The Capitoline Hill is the location of the Capitoline Museums, as well as the Piazza del Campidoglio — the trapezoid-shaped public space designed by none other than Michelangelo, who was at the height of his fame at the time.
If you head around the rear of the Palazzo Senatorio, which faces the Piazza del Campidoglio, you’ll instead have a view over the Roman Forum and the Colosseum, which looks particularly wonderful come sunset.
Also known as the Altar of the Fatherland, this controversial monument was originally built in 1885 for King Victor Immanuel II of Italy. Sometimes dubbed “the Wedding Cake” by locals, the sizeable building features several museums, as well as the Tomb of the Unknown Soldier.
Via staircases, visitors can get onto the upper terrace for free. There is also a higher spot which you can get to via an elevator (but for which you have to pay) and which is the highest point of the Vittoriano. Views from here out over the city below at sunset offer a unique tangle of dark silhouettes and shadows cast across the city streets, all on a backdrop of reds and oranges.
To get elevator tickets for the upper terrace, click here.
Despite the fact that many in Rome don’t appreciate this monument, whatever controversy there is can be forgiven and forgotten once you get to see the view, as it’s quite simply impressive.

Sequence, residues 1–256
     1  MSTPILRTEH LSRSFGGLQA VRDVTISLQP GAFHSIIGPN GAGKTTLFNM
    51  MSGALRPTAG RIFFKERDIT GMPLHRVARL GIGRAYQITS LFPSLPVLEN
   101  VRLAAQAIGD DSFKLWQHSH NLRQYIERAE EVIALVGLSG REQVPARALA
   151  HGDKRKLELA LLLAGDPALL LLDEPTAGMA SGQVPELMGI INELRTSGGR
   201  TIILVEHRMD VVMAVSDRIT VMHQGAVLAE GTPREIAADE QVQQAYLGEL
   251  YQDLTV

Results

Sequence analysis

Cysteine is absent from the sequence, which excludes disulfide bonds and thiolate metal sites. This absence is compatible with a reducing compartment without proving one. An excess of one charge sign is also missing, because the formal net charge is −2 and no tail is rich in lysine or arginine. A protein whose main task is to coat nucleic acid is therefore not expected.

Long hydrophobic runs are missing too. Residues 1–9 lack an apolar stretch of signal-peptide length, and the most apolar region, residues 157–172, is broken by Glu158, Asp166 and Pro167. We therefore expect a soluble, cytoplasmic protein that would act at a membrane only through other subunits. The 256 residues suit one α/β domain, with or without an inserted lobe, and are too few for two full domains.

Check out my post A Guide To The Altar Of The Fatherland, Rome.
Residenza Maritti Terrace
Not all of the top views of sunset in Rome are famous. In fact, this one is much more under the radar and is actually part of a locally run guesthouse, where I happened to stay in one of my many visits to the city. This is definitely one of my favorite sunset spots in Rome!
The location of Residenza Maritti Terrace, close to the Roman Forum, offers up almost 360-degree sights including the Palatine Hill, the Colosseum, and the Piazza del Campidoglio.
The good news is that you don’t have to be a guest at Residenza Maritti Terrace to access the view. The terrace is open for anybody who wishes to come and enjoy the spectacular sunset available here – as long as you get a drink. Just make sure to contact them to enquire – send them an email at firstname.lastname@example.org.
Head over to my post The Best Hotels Near The Colosseum, Rome.
Villa Borghese is the third-largest public park in Rome. It’s a sprawling green space of clipped lawns, manicured trees, and leafy pathways, populated with statues and a mix of locals and visitors who come to stroll and relax in the park. It’s a particularly nice park to visit in the summer, as there is lots of shade and benches where you can rest (though I shall warn you, mosquitoes love to party there too).
There’s also a viewpoint here. That viewpoint is Pincio Terrace. Overlooking the Piazza del Popolo, a bustling space down below, the terrace is an ideal place to come to enjoy a long sunset. Thanks to the large park itself, you can arrive well before sundown and take an easygoing stroll before finding a good spot to admire the sun going down — and obviously, snap a few photos, too.
From the Pincio Terrace, you can see the historic center of Rome (the Centro Storico), as well as the dome of St Peter’s Basilica. You can either get to the Pincio Terrace through the Villa Borghese, or access it from stairs that lead up from Piazza del Popolo, which is at easy walking distance from the Spanish Steps and Spagna metro station.
Quirinal Hill Terrace